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‘Take a life to save a life’ – Harry on killing insurgents

Prince Harry has piloted Apache helicopters for the last four months. Photo: PA

Prince Harry is returning from duty as an Apache helicopter pilot in Afghanistan.

During the course of his service, the Prince gave a series of interviews on the condition that nothing would be published until the end of his tour.

For the past four months he has been a co-pilot gunner in a lethal fighting machine.

His job, on occasion, has required him to kill the enemy.

“Take a life to save a life. That’s what we revolve around, I suppose,” he says.

Royal Correspondent Tim Ewart reports:

The Apache’s role is to protect ground troops using rockets, laser-guided missiles, and a 1200-round chain gun.

“If there’s people trying to do bad stuff to our guys,” Harry explains, “then we’ll take them out of the game.”

In December, Harry, wearing a Santa hat, gave cameras a tour of the area inside Camp Bastion reserved for Apache crews on Very High Readiness (VHR).

He and his colleagues could be scrambled any second.

Prince Harry and a colleague play computer games at base knowing they could be scrambled into war in seconds. Credit: PA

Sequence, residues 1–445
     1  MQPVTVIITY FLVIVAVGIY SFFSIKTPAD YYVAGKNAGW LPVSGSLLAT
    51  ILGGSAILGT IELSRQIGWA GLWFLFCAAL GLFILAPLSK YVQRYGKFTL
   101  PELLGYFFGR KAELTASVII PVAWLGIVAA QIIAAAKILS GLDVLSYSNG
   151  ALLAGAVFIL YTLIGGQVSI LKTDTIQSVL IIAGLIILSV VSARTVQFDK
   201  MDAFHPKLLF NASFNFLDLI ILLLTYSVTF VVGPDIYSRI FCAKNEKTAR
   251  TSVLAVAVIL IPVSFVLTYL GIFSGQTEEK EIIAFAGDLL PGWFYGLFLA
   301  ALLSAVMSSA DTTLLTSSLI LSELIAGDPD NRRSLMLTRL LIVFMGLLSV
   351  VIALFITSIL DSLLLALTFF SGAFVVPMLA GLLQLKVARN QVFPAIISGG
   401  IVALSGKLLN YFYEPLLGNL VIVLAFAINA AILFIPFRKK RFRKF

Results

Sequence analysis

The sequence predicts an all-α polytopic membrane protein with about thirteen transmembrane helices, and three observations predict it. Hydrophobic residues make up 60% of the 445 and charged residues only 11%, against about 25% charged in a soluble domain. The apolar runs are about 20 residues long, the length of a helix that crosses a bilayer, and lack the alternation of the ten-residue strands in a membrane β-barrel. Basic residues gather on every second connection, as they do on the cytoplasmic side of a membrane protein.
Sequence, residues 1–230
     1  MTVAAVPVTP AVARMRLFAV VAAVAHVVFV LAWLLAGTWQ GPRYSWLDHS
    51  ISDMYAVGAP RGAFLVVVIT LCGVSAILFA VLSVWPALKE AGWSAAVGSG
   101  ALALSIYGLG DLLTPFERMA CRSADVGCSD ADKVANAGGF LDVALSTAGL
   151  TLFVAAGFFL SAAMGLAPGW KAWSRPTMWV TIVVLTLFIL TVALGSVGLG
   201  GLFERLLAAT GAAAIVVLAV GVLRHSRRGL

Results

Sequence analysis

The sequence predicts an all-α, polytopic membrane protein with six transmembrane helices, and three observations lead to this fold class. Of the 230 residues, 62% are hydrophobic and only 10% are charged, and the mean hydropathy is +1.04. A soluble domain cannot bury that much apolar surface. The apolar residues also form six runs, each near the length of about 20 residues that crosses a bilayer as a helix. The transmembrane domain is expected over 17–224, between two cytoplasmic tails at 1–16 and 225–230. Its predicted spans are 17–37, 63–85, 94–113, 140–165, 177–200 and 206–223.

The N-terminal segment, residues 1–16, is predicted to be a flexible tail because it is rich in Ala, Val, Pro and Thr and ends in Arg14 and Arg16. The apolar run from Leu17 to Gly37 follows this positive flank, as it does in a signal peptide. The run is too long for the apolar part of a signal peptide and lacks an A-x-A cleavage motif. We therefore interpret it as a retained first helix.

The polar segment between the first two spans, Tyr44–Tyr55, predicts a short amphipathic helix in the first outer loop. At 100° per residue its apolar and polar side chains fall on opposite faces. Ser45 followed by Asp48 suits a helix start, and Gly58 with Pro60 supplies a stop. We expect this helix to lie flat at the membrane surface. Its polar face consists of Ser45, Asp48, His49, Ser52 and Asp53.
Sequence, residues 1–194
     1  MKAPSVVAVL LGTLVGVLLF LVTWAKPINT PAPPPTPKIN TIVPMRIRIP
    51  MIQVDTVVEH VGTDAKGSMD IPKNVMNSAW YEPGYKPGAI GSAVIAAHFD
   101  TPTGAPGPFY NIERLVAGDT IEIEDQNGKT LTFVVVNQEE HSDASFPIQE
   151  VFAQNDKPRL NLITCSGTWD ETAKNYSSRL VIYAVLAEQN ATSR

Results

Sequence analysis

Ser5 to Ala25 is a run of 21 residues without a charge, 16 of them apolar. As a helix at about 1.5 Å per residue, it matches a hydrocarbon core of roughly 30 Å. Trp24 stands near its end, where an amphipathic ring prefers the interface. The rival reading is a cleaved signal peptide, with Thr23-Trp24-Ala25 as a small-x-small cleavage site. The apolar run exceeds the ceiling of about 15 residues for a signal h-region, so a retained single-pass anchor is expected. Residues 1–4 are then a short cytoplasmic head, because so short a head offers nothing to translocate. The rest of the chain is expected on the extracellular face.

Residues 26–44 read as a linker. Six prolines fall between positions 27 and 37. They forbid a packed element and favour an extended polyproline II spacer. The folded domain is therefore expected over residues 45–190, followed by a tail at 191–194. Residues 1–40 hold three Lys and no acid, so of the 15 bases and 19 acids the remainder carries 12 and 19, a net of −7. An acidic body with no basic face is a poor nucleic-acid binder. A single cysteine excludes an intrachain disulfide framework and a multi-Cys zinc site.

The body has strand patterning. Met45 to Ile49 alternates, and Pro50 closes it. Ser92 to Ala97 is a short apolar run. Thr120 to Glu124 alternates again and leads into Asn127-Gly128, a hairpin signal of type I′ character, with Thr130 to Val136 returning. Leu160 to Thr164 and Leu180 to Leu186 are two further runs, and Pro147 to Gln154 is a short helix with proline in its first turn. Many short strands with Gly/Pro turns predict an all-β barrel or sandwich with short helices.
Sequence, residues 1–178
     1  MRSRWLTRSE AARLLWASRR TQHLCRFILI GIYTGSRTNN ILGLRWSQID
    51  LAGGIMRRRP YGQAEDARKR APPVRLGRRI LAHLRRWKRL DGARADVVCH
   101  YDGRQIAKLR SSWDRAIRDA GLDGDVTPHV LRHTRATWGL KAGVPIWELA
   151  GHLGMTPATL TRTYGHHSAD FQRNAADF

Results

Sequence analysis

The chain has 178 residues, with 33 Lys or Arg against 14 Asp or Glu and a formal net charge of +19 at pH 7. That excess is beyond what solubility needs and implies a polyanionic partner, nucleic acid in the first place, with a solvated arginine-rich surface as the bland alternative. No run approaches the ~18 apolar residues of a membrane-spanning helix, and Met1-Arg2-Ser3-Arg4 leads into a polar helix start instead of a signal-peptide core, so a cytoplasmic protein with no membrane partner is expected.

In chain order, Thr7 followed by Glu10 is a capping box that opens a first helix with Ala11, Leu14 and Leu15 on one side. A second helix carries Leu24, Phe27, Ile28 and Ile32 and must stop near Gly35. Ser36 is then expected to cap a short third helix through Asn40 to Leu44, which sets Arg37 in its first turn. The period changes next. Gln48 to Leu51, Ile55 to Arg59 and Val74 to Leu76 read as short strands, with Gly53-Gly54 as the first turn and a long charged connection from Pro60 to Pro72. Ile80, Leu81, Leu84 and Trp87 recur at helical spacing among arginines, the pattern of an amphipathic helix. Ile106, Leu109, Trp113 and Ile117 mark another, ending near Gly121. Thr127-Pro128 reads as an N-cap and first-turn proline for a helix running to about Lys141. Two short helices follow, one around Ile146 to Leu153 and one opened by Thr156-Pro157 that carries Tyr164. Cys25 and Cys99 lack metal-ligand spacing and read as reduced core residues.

Stood beside his modest camp bed, a thin white duvet tossed scruffily on top of a sheet-less mattress, Harry explained what was required of him.

“One minute you’re in bed, asleep,” he says. “Six-and-a-half minutes later you’re speaking to somebody on the ground who’s being shot at. You just get used to it, I guess.”

The Army has repeatedly stressed that Captain Wales is just another soldier who shares the same conditions, food and accommodation as his colleagues.

But, as the Prince explained, there are times when he does feel different.

“For me, it’s not that normal, because I go into the cookhouse and everyone has a good old gawk,” he says.

“That’s one thing that I dislike about being here, because there’s plenty of guys that have never met me, therefore probably look at me as being Prince Harry as opposed to Captain Wales.”

And for all the challenges of the Apache, Harry admitted that he missed the front line.

He served there for ten weeks in 2008 before media exposure sent him home.

“For me, that hurt, being pulled out at that point, being dragged away from my guys," he explains.

“It wasn’t done in the wrong way, but it was just--” Harry’s interview is interrupted suddenly as he notices a colleague sprinting across the airbase.

Four more follow as Harry springs up, ripping his clip microphone and sound pack from his body.

Within seconds, the Prince is another of those figures on the horizon, scrambled to attend to whatever is required of him.

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